Will President Joe Biden succeed? Like many others, at home and abroad, I desperately hope so. But first we need to agree on what “success” means. It means, above all, restoring order to his country’s politics. That requires making the present direction of the Republican party politically untenable. Without that, hope of restoring democratic stability at home and a leading role for the US in the world may be in vain.
In his heart-lifting inaugural address last week, so different from the rantings over “American carnage” of his predecessor, Mr Biden declared: “We have learnt again that democracy is precious. Democracy is fragile. And at this hour, my friends, democracy has prevailed.” He was right, on all points.
Yet “this hour” is not forever. The forces that brought Donald Trump to power have not vanished. As Princeton University’s Jan-Werner Müller, an expert on populism, remarks, “Populists cleverer than Trump smother democracy slowly through legal and constitutional machinations.” Mr Trump may be gone. Trumpism is not. As the Indian writer Kapil Komireddi has noted, the fusion of big business with bigotry is potent. The US wealthy have certainly prospered. (See charts.)
In the Roman empire, it was said that all roads lead to Rome. This time, they have to lead from it. If the US is not restored to political health, it can do little. The triumph of deceit, incompetence, unpredictability, indifference and xenophobia under Mr Trump has damaged trust in the US among its allies and respect for it among its opponents.
These will not be restored by Mr Biden’s fine words or even such welcome actions as the return to the World Health Organization and Paris climate accord. They will be restored by palpable success at home. Barack Obama was followed by Mr Trump. The next transition might be to someone worse.
As now-confirmed Treasury secretary, Janet Yellen, told Congress a few days ago, “With interest rates at historic lows, the smartest thing we can do is act big”. The administration’s “American rescue plan”, which proposes spending of $1.9tn (around 9 per cent of gross domestic product), is a sensible start. It should, if agreed by Congress, strengthen confidence and support recovery. But will anything like this be passed? Having rediscovered the fiscal rectitude they abandoned in passing Mr Trump’s tax cuts in 2017, the Republicans will surely fight hard to prevent it.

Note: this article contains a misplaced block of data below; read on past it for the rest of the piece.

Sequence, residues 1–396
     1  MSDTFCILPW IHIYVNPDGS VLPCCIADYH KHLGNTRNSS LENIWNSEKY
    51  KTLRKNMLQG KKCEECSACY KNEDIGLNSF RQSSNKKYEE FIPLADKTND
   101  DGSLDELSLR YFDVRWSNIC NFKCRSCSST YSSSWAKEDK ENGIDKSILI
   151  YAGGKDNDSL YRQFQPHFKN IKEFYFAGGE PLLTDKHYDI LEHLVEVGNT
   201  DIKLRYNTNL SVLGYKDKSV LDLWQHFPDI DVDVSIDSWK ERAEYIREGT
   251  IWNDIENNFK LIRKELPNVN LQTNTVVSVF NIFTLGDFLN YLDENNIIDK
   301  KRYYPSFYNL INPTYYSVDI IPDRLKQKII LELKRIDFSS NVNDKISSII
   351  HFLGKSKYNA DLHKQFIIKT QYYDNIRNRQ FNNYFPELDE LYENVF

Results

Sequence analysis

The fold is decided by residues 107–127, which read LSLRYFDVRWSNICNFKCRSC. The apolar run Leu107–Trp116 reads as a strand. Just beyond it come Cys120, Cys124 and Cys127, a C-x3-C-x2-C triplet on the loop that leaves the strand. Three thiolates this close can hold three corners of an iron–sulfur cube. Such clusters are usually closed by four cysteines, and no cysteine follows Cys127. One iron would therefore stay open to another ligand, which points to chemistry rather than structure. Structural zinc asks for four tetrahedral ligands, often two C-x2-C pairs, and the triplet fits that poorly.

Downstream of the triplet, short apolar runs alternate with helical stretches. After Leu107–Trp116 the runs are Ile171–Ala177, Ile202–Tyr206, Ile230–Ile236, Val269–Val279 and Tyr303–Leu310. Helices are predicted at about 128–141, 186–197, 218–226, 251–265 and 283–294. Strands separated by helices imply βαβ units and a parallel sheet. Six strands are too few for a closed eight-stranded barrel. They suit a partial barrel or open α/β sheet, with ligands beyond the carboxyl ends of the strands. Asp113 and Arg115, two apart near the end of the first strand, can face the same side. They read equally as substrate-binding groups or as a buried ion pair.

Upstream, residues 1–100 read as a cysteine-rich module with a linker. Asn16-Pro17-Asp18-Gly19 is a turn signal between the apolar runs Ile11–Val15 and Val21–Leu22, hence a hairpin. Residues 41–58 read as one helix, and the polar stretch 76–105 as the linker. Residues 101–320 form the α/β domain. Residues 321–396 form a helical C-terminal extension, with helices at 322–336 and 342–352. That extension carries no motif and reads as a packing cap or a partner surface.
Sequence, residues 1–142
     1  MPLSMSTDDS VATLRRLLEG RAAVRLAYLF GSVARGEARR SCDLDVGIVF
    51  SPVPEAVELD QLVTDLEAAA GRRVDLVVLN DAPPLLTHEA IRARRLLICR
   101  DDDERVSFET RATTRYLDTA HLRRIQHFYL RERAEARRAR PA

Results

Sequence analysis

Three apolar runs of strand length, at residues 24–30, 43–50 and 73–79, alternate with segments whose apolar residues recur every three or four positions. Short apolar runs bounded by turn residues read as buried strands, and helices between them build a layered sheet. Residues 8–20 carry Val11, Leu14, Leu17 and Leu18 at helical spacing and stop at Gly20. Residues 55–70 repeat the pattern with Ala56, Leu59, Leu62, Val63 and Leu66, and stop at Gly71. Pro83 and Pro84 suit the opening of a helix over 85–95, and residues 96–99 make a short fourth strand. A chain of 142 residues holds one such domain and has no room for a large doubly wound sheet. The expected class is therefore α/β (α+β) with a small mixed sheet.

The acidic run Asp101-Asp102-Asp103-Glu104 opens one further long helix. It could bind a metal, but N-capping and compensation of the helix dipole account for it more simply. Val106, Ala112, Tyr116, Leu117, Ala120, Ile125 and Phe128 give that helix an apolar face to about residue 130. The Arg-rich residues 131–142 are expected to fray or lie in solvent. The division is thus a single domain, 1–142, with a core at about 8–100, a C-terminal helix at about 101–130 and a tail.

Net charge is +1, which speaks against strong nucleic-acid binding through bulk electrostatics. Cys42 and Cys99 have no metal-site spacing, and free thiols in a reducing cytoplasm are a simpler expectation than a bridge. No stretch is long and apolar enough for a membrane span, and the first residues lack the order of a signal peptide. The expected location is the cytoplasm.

Yet, as Ezra Klein of the New York Times notes, to succeed the administration needs visible success, sufficient to avoid defeat in the 2022 congressional elections from an already fragile position. The Democrats have to show that government can work, against opposition from a party determined to prove the opposite. Making government fail is the Republican strategy. They will not abandon it.
Timing is everything in politics, much of it luck. Mr Biden may be a lucky leader. Although the economic damage to the US from Covid-19 was far from exceptional, the death rate and the hit to employment have been among the worst. But the combination of vaccination with stimulus might generate a vigorous recovery this year and next.
Where does the rest of the world fit into this drama? It is a bystander. The Peterson Institute for International Economics has produced a valuable set of essays on what a competent US administration could do for the world, and vice versa. These make clear — notably those by Maurice Obstfeld, former chief economist of the IMF, and Lawrence Summers, former US Treasury secretary — what active US engagement, particularly in the needed global programme of recovery from the Covid crisis, might mean for the world and the US. But good and desirable though such engagement will be, it cannot answer questions about the US’s future role in the world, because that depends on what happens at home.
The next few years may give answers to some huge questions. Will the US be engaged, indifferent or hostile? Can it restore a trusting relationship with its allies? Will it forge a durable relationship with China, which balances the need to compete with the requirement to co-operate, while avoiding severer conflict? Will it play a leading role in dealing with the challenges of the global environment and poverty?
The answer to all these questions will ultimately depend on the biggest question of all: is the US going to return to being a stable democracy? Mr Biden hopes it can be. But if the Republican party is unable to return to being a normal conservative party, remaining, instead, suffused with the lies and fantasies of rightwing populism, the prospects are grim.
Many of the underlying racial, social and cultural resentments will remain, as will the political over-representation of the right. But the needed shift can still occur, provided the Biden administration proves rather quickly that competent government by people who believe in it can deliver. It must show Ronald Reagan’s famous statement that “the nine most terrifying words in the English language are: I’m from the government, and I’m here to help” is wrong. Trust in sound and decent democratic governance is not freedom’s enemy, but among its most important guarantees.
Who, apart from the administration, can help make this shift work? The answer above all is business and the wealthy. They have been given clear warning of the dangers of marrying pursuit of their interests to the rightwing populism now consuming the Republican party. If they have any decency, they will stop. This is not a game. Mr Biden may be a last chance for US democracy.
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